Having a child is one of the most momentous events in a woman’s life, but pregnancy also ushers in a series of changes you may not expect. One example of this is an increased risk of developing blood clots (thrombosis) and deep vein thrombosis (DVT).
If not properly dealt with, thrombosis during pregnancy can be very harmful to your health, as part of the clot may break off and cause more serious issues such as pulmonary embolism (PE) or a stroke. Of course, this risk also poses a danger to your baby. However, blood clots and DVT are highly preventable: read on to find out the causes and risk factors, as well as how you can reduce the risk of DVT due to prothrombotic changes during pregnancy.
The key link between thrombosis and pregnancy is that your blood is more prone to clotting as your body prepares to minimise blood loss during child birth. Pregnant women may also experience less blood flow to the legs later in pregnancy because the growing baby presses upon the blood vessels around the pelvis. Furthermore, the additional weight and the expanded uterus exert pressure on the leg veins. As a result, many pregnant women experience tired and swollen legs and the risk of developing thrombosis is increased.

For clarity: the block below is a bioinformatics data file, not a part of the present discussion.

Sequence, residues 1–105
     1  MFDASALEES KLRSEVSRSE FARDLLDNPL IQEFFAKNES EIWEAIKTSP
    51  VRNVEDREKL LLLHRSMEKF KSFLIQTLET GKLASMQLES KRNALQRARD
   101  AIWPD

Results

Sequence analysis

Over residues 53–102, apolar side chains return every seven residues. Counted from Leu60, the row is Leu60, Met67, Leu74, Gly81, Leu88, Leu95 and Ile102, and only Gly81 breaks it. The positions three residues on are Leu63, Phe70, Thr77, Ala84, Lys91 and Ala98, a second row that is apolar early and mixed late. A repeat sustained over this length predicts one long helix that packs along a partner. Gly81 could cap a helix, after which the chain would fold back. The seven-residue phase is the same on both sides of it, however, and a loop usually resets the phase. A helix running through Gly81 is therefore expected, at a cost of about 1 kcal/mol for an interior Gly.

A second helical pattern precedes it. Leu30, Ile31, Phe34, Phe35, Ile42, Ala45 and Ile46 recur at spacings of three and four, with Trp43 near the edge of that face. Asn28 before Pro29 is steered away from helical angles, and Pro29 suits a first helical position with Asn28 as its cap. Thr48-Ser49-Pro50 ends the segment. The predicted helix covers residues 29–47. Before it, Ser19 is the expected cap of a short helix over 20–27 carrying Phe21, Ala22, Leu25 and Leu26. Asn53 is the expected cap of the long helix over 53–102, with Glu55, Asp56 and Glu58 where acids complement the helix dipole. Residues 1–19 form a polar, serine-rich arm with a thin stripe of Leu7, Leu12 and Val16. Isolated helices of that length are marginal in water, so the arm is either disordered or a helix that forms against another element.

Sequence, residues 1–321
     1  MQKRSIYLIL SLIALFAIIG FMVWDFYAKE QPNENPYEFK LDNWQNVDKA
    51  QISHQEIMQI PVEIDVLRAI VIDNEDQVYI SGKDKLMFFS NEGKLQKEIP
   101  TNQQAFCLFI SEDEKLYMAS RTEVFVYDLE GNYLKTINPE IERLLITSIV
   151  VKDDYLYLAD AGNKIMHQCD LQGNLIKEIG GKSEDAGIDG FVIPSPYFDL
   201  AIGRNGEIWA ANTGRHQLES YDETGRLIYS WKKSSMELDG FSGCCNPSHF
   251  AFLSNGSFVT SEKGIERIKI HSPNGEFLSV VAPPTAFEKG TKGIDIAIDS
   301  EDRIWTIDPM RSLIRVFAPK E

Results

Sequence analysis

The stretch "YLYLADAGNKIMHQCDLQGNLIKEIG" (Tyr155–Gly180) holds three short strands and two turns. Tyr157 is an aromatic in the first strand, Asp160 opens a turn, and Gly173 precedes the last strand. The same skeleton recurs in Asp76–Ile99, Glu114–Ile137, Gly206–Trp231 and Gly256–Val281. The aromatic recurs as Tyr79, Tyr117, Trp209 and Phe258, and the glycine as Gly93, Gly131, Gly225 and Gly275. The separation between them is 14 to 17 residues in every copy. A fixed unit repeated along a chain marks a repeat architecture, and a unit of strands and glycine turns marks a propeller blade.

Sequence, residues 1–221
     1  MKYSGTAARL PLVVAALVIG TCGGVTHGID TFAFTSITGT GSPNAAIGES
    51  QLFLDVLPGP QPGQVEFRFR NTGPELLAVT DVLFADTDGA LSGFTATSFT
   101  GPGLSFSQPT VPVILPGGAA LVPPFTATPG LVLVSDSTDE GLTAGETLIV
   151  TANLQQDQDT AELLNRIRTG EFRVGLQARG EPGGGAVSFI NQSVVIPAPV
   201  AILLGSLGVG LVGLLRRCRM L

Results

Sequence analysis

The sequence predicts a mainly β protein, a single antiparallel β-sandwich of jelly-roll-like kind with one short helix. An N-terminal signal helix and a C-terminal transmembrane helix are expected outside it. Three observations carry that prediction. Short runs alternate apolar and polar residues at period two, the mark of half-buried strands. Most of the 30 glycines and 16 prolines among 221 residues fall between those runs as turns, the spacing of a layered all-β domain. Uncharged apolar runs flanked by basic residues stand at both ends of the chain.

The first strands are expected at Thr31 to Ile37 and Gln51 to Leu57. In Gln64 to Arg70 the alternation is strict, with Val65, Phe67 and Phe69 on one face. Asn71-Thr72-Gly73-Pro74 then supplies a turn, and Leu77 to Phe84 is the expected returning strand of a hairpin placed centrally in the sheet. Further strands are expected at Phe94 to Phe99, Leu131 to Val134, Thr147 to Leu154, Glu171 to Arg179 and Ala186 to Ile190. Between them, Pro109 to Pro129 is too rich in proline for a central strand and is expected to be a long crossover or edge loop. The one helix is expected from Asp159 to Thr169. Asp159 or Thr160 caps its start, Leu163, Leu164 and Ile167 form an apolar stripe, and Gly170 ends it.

In order to be alert to the potential for developing blood clots during pregnancy, it’s important to be aware of the following risk factors:
There are also several steps you can take to reduce your risk of developing blood clots during pregnancy. Lifestyle factors such as exercising regularly (when permitted by your doctor), eating a healthy diet and quitting smoking are all effective ways to reduce your risk. If you’re embarking on a long journey, get up and stretch your legs as often as you possibly can. In addition, wearing special JOBST compression stockings for pregnancy throughout the maternity period can be a highly effective prevention method. These garments are specially adapted to the needs of pregnant women and can help to reduce the risk of thrombosis by applying pressure to the legs and feet, promoting healthy blood flow to the heart.